I.C.E. (Imperial Crystalline Entombment) - Apocalyptic End in White
Crash Music
Raging Black Metal
11 songs (38'34")
Release year: 2004
I.C.E. (Imperial Crystalline Entombment), Crash Music
Reviewed by Alex
Album of the month

If you are an extreme metal fan you must have marked the day Immortal called it quits with a black circle. Kult black metal fiend or more casual aficionado, this band meant so much for the development of the genre, and later, crossing it over with more defined, riff-oriented, style. I will say this, I am no black metal purist, and I enjoy At the Heart of Winter and Sons of Northern Darkness more than Blizzard Beasts and Pure Holocaust (there, I said it, hope you will continue reading), yet even I can’t help but shudder from the cold frozen twisted feeling Pure Holocaust creates. Would there be anybody who could pick up the fallen mantle? Who would be worthy of the passing of the black lit torch (or rather those horrific spiked weapons Immortal brandished on Sons of Northern Darkness)?

When I picked up the promo of I.C.E. Apocalyptic End in White, the last thing in the world I could think of was Immortal resurrection. Not with the image I at first considered silly, not with the indescribable band name (I.C.E. stands for Imperial Crystalline Entombment), not with the song titles resembling Dimmu Borgir’s album titles (three words put together randomly, hinting at Cold and Death in I.C.E. case), not with the first track, Cryogenic Communion, sounding like the creepy voice of Chucky doll from the latest sequel with umbilical cord wrapped around his neck. A week later and at least a dozen listens by now, Immortal and I.C.E. in the same sentence is all I can think about.

Cryogenic Communion folly aside Apocalyptic End in White is a black metal album that grabbed me instantly and hard, well, just like Immortal albums did way back. If you were thinking slow-down-rock-out Immortal approach of late was deviation from the norm, rejoice. The days of Blizzard Beasts with much better, punched up bottom end production are back on Apocalyptic End in White.

I.C.E. manage to channel the ice-hewn hatred, fear and every emotion in between by going MACH 3 supersonic FAST, and they don’t bring a synthesizer/keyboard along. The name of the game is drum speed blasts with occasional rolling double bass, guitars fuzzed out with the barrage of ominous and sinister riffs, tremolo picking and vocals ranging from caustic shrieks to blood-curdling screams, when they don’t do Chucky (Cryogenic Communion and the opening of Hypothermic Possession). Guitars slice through distortion with some thrashy riffs (Hypothermic Possession), but with the speed Demonaz would approve of. I hope these guys don’t develop tendonitis like the Master. Throughout this barrage the band sounds strangely melodic, most of the time covertly, but at times with stunningly beautiful and in-your-face melody (Cascade Cavern Catharsis and Glacial Lyckanthropic Horde). The former melodic riffs are even further propelled with the powerful double bass. The machine gun speed slows down rarely, but strategically, to bring music from afar (Convulsing Frigid Death) or groove out with the hellish apocalyptic march, the high point of Onward Banshee Legions. This song has the best combo of interesting rhythms, cymbals crashed in million shattering pieces and the aforementioned blood-curdling screams.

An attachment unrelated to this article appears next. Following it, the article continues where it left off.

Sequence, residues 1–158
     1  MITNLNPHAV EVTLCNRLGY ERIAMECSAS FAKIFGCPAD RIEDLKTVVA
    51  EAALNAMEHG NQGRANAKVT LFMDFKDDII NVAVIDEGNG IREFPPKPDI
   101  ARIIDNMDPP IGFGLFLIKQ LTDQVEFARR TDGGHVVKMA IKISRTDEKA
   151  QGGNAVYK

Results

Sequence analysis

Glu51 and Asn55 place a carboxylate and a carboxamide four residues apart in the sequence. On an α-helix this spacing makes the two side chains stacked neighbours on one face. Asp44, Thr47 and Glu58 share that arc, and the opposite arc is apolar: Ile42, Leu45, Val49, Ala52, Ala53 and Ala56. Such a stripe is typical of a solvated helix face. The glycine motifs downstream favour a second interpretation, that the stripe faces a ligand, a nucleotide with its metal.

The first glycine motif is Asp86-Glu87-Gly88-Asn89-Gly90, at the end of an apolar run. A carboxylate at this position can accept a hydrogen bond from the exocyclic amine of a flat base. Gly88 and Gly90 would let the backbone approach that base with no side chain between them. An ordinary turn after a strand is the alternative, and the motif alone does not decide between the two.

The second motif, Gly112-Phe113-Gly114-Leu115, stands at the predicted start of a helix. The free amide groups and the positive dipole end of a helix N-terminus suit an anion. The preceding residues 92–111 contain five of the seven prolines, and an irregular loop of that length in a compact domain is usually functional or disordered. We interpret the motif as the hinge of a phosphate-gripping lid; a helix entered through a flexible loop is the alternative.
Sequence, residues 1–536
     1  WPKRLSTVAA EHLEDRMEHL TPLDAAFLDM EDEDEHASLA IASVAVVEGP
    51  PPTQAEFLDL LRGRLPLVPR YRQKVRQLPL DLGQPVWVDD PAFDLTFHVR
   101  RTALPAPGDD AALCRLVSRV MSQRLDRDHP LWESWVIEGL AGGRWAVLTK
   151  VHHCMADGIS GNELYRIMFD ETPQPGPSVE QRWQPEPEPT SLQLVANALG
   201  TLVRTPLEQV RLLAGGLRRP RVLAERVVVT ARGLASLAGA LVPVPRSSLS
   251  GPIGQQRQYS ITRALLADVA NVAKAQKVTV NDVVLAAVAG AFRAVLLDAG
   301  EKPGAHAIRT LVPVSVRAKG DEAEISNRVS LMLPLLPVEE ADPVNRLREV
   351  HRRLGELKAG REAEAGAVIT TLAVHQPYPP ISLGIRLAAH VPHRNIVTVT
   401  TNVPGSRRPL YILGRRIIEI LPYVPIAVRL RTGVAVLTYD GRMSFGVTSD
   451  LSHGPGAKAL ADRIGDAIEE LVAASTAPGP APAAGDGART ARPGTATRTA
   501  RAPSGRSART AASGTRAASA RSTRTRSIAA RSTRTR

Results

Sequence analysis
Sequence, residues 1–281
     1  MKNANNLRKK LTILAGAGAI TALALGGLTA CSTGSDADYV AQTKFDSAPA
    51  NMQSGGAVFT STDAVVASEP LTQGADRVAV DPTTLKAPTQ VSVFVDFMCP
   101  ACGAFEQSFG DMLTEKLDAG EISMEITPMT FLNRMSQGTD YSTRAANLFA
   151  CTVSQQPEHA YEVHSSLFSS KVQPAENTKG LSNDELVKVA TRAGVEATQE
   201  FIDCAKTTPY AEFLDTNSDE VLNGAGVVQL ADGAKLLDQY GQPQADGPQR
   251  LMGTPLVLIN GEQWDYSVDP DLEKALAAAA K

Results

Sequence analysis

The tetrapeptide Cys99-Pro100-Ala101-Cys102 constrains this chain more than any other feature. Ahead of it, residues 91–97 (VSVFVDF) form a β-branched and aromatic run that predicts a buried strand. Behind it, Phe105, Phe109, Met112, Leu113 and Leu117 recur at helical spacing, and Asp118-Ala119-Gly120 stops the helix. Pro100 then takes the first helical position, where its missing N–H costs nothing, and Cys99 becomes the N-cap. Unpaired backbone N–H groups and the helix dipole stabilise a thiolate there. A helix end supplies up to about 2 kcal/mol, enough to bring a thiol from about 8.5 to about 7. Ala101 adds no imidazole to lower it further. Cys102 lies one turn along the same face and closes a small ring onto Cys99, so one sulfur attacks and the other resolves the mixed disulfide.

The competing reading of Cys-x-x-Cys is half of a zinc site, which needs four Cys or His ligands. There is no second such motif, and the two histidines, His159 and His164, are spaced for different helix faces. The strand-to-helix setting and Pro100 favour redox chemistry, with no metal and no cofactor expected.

Now, about that image. I stand corrected. What seemed cheesy at first, seemed quite in place towards the end. No corpse paint or spikes, I.C.E. project the image of ice wizards with their robes free-flowing silky white and theatrical masks of faceless expression. These are the servants of Ravaskeith, the god of frozen Arctic cold and beauty, whether invented by I.C.E. or really existing in the pantheon of Northern gods. I can’t tell for sure, as I need to brush up on my mythology. The image is reinforced by lyrics, the vivid description of Ice Age and death from hypothermia.

Listening through the album, “getting” the image and lyrics I could not help but wonder how this could have resulted in Waldorf, Maryland, USA, not Oslo or Bergen, Norway. I guess, as long as you feel it, it really does not matter where you come from. The band members, no individual pictures needed as all look one and the same in their attire, maintain the mystique, not divulging much about even who plays what instrument. Through some very secret sources I learned that I.C.E. bandmembers are involved with other bands, and that is all I am going to say.

Apocalyptic End in White is the music I recommend you have in your portable CD player (or iPod) when you are stuck with the long walk in cold and dreary weather. Wind chill penetrates every bone of your body, small icicles hit your face as thousand needles. Apocalyptic End in White, no doubt, rapes your ears and senses, but it is also meant to give you a lift. Somewhere I read that people who almost died from hypothermia had very pleasant near-death experiences. Just before they lost conscience the whole warm wave came over their bodies leaving them relaxed and peaceful. As cold as Apocalyptic End in White is, it is also full of life, pulse and booming production. Ravaskeith may still end up taking your soul away, but at least you will have a chance to listen, shudder, rejoice and revel. Immortal is back, if not in body, then, at least, in spirit.

Killing Songs :
Astral Forst Invocation, Hypothermic Possession, Onward Banshee Legions, Cascade Cavern Catharsis, Glacial Lyckanthropic Horde, Behold thy Frozen Arctic Kingdom
Alex quoted 92 / 100
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